The solution is to separate them. I have tried to kill the digital side on purpose multiple times, it won’t die. The economy has tried to kill the zines and books on accident multiple times, it won’t die.

We separate them by feeding them their own specific food and at their own specific feeding times. I am not sure exactly what this will look like yet. It could be as simple as more blog posts on the site (like this one, thanks to those who miss these writings) and more ig stories. Or it can be as complicated as submissions for site/ig (photo of the day, for example) and separate submissions for zines/books.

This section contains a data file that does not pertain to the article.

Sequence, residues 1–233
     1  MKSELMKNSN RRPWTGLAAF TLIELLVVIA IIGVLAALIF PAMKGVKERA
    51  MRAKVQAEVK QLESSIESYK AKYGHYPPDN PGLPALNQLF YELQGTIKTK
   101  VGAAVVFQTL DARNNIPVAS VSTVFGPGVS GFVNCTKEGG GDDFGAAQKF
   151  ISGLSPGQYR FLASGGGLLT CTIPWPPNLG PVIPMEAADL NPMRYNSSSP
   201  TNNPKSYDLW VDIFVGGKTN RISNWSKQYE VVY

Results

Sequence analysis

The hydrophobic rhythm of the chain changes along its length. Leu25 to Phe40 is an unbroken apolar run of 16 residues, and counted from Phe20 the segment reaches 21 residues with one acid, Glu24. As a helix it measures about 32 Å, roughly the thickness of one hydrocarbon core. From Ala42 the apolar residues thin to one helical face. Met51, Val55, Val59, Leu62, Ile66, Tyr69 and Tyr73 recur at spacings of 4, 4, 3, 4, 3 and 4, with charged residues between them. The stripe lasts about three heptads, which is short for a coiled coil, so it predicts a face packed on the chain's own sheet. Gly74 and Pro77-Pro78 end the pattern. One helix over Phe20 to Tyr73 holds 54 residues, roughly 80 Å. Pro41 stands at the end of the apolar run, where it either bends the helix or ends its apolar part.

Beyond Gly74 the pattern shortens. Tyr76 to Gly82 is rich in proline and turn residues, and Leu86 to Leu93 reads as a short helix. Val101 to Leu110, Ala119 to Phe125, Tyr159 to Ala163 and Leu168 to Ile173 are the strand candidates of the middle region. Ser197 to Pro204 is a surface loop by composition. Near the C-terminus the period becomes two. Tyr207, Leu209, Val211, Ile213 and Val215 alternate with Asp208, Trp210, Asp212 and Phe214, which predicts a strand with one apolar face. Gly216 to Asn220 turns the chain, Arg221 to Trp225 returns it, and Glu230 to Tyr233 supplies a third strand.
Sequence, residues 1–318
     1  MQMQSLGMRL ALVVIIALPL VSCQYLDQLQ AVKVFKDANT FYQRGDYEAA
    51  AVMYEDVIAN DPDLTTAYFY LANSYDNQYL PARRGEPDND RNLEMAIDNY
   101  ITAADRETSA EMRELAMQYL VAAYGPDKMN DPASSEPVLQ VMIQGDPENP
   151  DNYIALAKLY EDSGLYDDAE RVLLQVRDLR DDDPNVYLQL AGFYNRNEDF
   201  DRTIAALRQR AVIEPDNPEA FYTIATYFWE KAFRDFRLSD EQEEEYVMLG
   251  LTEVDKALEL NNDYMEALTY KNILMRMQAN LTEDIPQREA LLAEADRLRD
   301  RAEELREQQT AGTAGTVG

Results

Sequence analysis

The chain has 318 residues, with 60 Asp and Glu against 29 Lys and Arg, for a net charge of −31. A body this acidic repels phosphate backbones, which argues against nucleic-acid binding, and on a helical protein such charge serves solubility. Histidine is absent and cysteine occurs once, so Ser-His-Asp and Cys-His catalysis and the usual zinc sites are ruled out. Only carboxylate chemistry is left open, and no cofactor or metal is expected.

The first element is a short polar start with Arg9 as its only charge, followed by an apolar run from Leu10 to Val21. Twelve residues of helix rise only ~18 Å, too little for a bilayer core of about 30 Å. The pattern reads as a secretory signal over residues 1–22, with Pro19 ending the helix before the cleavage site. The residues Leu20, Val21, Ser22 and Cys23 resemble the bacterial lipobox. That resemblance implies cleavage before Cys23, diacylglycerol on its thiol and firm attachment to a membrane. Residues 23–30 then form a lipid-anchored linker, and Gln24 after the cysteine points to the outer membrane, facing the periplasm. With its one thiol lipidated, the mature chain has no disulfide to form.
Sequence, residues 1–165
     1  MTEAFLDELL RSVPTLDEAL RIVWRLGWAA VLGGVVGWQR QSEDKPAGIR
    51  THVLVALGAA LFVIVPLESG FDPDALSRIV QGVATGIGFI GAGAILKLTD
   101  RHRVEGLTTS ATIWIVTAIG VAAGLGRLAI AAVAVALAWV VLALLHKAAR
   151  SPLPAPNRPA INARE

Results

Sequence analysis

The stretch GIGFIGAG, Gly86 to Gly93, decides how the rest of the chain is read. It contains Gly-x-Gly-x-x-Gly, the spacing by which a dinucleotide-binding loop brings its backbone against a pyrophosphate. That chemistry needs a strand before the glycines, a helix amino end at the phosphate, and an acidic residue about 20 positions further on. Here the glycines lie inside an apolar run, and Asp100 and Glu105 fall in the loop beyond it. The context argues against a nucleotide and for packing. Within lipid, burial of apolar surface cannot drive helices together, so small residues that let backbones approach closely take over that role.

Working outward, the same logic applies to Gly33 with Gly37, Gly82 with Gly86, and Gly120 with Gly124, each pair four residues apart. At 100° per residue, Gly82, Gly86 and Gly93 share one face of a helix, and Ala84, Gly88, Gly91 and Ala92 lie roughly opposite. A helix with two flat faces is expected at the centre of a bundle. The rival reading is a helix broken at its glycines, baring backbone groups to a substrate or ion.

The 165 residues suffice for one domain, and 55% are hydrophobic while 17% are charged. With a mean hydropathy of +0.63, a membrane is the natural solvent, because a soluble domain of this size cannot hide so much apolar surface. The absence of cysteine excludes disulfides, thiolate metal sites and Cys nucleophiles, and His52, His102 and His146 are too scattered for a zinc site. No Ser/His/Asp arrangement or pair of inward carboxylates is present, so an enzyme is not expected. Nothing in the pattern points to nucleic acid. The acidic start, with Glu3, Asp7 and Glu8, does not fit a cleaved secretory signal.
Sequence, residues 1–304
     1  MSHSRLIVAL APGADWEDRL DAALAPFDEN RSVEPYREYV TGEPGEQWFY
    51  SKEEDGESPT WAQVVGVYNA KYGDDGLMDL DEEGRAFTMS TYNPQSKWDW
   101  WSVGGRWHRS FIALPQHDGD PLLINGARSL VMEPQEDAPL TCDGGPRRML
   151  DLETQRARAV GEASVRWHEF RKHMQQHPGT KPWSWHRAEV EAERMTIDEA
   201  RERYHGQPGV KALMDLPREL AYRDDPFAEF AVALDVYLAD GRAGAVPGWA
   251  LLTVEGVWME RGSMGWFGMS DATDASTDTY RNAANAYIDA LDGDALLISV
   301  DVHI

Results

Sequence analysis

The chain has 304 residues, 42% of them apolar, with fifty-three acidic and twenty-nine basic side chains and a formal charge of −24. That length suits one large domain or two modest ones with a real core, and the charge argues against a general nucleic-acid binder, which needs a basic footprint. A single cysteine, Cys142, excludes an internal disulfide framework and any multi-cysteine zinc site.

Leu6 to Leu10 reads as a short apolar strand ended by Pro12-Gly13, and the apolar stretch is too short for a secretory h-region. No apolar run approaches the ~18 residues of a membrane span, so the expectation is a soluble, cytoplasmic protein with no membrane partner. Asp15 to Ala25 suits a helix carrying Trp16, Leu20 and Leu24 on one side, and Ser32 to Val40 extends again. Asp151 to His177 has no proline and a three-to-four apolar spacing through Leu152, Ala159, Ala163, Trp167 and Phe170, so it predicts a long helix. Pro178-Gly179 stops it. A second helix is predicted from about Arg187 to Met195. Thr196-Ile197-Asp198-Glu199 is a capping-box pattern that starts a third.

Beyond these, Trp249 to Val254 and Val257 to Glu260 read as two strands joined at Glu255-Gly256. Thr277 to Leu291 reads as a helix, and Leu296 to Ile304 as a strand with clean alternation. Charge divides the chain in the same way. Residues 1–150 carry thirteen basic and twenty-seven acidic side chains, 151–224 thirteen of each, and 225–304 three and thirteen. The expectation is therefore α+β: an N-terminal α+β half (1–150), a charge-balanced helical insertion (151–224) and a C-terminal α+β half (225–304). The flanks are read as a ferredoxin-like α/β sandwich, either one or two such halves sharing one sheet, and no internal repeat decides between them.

Obviously, as per usual, overthinking everything. Maybe the main point is that in these crazy isolated times, we need to connect and share more in as many ways as possible because we, you the photographers, are more important now than ever.

Dec 13 2019

How to Take a Bad Photo

Photo by Zane Grant

I was going through old writings on here about making good photography. I’ve attempted to explain my thoughts about it and even set up some polls in order to come up with formulas but the data seemed inconclusive. (Referencing HERE and HERE.)(Actually this whole frigging thing is about seeking isn’t it?)

We have some ingredients but we don’t have the recipe. We can say there is a secret sauce of luck and magic when something turns out right. That’s what we are doing here is trying to define that sauce.